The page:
Long Term Care - Basics for Beginners

On August 3rd, 2015, the Federal Long Term Care Insurance Program announced that it would be raising rates immediately for new policies. The move surprised the Federal Employee workforce and led to general questions about the program and Long Term Care insurance: What is long-term care insurance? Who needs it? What are the benefits and costs? The answer to those basic questions can help families be better informed about long term care and decisions they should make.

Understanding Long Term Care: Long-term care insurance essentially reduces the risk of financial loss in the event one can no longer perform everyday tasks and requires care. These tasks are called "activities of daily living" and include bathing, dressing, transferring, toileting, continence and eating. Long-term care insurance should be a consideration in one's financial planning, along with other types of insurance, emergency savings, and investments. Not everyone may need long term care insurance; however, everyone does need to have a plan for long-term care. The primary reason one needs to plan for long-term care is its potential cost and the threat that paying for it would pose to one's lifetime savings. National averages for long-term care are in the tens of thousands of dollars per year. Current averages for nursing home care in the U.S. are at nearly $83,000 per year; home care, which is less expensive, is still approaching an average cost of $30,000 per year. According to Kiplinger's Magazine, the average stay in long term care in 2009 was 27 to 28 months. What these numbers mean is that if you or a loved one needs such care, on average one would need to pay anywhere from $60,000 to $166,000 in care costs. Since these numbers are averages, understandably, some people will pay much less and others will pay much more.

What Are You Paying For? While much of the media buzz surrounding long-term care centers on Long Term Care Insurance, the reality is that there are several ways to obtain and pay for long-term care. The best approach is unique to each family and should be a deliberate consideration and part of a financial plan. Within that context, here are some of the options available:

  • Family provision of long-term care. Most long-term care ends up being provided by family members. While this may not be preferable, it is the choice often used, especially for those needing home health care. The Federal Commission on Long Term Care found that family caregiving was worth450 billion per year--more than twice all paid care giving.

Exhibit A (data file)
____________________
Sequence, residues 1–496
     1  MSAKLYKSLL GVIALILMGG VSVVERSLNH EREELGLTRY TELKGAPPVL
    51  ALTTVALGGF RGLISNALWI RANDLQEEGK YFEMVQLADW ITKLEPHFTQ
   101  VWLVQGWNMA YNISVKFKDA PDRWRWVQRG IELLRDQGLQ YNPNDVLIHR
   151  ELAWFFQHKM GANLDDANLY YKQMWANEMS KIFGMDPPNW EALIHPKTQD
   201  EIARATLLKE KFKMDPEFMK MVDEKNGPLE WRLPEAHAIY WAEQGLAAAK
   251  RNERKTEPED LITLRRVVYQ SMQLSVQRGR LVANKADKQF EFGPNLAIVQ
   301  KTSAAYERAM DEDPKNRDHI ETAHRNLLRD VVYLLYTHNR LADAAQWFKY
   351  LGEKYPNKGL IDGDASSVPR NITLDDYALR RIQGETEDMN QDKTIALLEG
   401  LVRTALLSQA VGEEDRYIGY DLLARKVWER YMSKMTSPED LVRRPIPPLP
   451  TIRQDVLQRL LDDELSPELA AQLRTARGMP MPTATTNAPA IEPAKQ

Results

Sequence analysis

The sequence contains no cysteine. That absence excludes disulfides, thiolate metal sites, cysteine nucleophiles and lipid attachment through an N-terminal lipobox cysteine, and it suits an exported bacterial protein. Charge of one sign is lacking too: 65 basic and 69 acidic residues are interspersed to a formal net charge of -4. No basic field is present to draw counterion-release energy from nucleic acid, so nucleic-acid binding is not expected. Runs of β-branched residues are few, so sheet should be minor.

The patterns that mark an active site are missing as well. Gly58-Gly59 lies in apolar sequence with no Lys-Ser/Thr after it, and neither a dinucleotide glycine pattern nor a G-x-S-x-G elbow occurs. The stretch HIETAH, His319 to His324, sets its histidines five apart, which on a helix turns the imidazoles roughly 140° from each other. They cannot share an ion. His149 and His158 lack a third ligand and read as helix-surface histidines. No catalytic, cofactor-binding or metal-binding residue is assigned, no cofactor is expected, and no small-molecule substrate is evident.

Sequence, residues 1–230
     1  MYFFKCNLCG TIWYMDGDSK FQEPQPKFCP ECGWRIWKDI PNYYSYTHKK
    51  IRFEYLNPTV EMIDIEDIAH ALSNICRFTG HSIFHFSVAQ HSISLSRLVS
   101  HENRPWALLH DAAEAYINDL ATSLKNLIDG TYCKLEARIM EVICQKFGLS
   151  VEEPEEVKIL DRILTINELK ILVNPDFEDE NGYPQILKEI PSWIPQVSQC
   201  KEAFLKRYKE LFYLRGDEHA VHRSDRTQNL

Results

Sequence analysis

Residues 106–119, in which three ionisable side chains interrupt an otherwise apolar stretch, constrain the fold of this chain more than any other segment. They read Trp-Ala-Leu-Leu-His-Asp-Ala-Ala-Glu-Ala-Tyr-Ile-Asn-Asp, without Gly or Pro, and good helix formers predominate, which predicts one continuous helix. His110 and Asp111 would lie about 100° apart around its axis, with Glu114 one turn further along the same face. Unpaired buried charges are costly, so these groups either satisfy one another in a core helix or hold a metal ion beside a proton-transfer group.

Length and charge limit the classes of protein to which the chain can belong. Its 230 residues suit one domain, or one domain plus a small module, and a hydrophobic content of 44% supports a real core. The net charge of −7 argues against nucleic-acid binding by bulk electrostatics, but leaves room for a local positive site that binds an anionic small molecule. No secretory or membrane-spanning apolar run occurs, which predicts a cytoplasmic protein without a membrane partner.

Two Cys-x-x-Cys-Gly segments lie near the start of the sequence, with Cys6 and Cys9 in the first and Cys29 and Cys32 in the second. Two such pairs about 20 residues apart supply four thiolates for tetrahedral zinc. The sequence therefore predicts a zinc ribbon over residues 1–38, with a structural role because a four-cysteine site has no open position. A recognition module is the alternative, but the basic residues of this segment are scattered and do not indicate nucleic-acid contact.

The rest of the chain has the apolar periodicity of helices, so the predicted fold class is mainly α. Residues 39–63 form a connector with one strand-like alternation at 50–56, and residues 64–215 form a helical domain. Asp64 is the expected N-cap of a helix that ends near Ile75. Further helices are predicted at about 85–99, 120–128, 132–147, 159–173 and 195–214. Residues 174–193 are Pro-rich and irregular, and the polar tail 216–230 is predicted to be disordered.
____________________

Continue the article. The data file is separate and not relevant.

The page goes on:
• Personal savings and investments. One way to pay for care is to finance it outright from personal savings and investments. This may be cost prohibitive for most families given the high costs of care cited above. However, if a family's finances support it, this is certainly a feasible and desirable course of action.
  • Borrow or finance. If one can't afford to pay out of savings and investments, another option is to borrow or finance to pay the costs. This option is least desirable because of the sizeable debt burden it may impose on the borrower.
  • Medicare and Medicaid. These two government programs may cover limited types and durations of care. Restrictions make these an option not feasible for most individuals, especially those with some assets.
  • Long Term Care Insurance. This option is the most common method for paying for long-term care. Most plans are "pay-as-you-go" (similar to auto or home insurance) and do not accumulate cash value. They typically stipulate maximum daily benefits, maximum benefit period, maximum lifetime benefit (i.e. the total the policy would pay out), type of care (home or facility) and a waiting period at the beginning during which benefits would not be payable. Other common, optional features include inflation protection and suspension of premiums while one is in long-term care.
  • Life insurance settlement. This option is available as a feature in some whole life insurance policies as a settlement option, which is worthy of consideration. When offered from insurance providers, including AAFMAA, these policies allow the policy owner to receive some or all of the policy's death benefits in advance while still alive to pay long-term care costs. While premiums for these policies tend to be higher than comparable long-term care insurance, a significant advantage is that the policies accrue cash value and have a death benefit. Any benefit not consumed by long term care costs remains in force under the life insurance policy and would be payable to a beneficiary at the time of death. Moreover, according to the Society of Actuaries, most long-term care insurance claims pays for only about 1 year and 3 months, which is less than the average length of stay. Note, that as with long term care insurance policies, these life insurance policies require the policy owner to meet certain criteria before being able to qualify for the long-term care settlement option.
  • What Does This All Mean? The bottom line is that long-term care must be a part of everyone's financial plan. For the average person or family, paying for care outright is not an option. Better alternatives include long-term care insurance or life insurance policies with long term care settlement options. The latter, although likely more costly in terms of premiums, has significant advantages in that they accrue value that will be paid to the owner or beneficiary regardless of whether consumed as long term care or paid out as a death benefit. More significantly, unlike an insurance policy that may actually pay less than the policy value, a whole life policy with a long-term care settlement option will pay the full amount of the policy.